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The following example illustrates the nature of talk that often occurred when reading the highly predictable text, Henny Penny:

Parent (reading): “Where are you going? The sky is falling and we must go and

tell the. . . (chiming) Parent: king,” (feedback) said Henny Penny, Cocky Locky, and Ducky

.

..

Ducky . . .

.

..

In this example, the rhythm and rhyme of the text appeared to solicit the

child’s participation,

Without specific request, the parent signaled the inter-

action through a kind of oral cloze technique, waiting for a response from the child (e.g., Ducky. . .). This was followed by an immediate feedback utterance to the response without breaking the rhythm of the text. In this respect, the reading resembled a form of responsive reading, with active

participation

from parent

and child.

Although

chiming was

more frequently

recorded for the episodic pre-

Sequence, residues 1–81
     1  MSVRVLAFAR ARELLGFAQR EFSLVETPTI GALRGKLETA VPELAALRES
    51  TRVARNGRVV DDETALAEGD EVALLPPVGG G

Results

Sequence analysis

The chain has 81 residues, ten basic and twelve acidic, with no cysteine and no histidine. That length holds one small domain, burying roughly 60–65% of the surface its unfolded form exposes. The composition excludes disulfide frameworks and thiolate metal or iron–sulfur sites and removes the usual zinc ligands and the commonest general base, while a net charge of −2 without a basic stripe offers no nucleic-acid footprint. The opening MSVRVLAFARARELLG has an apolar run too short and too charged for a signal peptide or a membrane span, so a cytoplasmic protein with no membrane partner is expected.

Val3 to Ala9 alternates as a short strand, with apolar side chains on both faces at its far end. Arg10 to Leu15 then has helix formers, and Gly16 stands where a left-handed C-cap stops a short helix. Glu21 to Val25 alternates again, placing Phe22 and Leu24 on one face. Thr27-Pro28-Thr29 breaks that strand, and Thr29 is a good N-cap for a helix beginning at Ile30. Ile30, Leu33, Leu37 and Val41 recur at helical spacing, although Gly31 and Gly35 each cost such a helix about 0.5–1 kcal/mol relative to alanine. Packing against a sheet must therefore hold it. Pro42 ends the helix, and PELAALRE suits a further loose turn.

dictable text, clearly differences between this book type and others were not as stark as the differences between the highly predictable and the narrative text. In contrast to the highly predictable text, narrative text readings of the Snowy Day involved parents and children in getting meaning and linking the text with something that either involved or went beyond the child’s own

experience. The following examplefrom

Snowy Day illustrates a very different type

of interaction than that around the highly predictable text:

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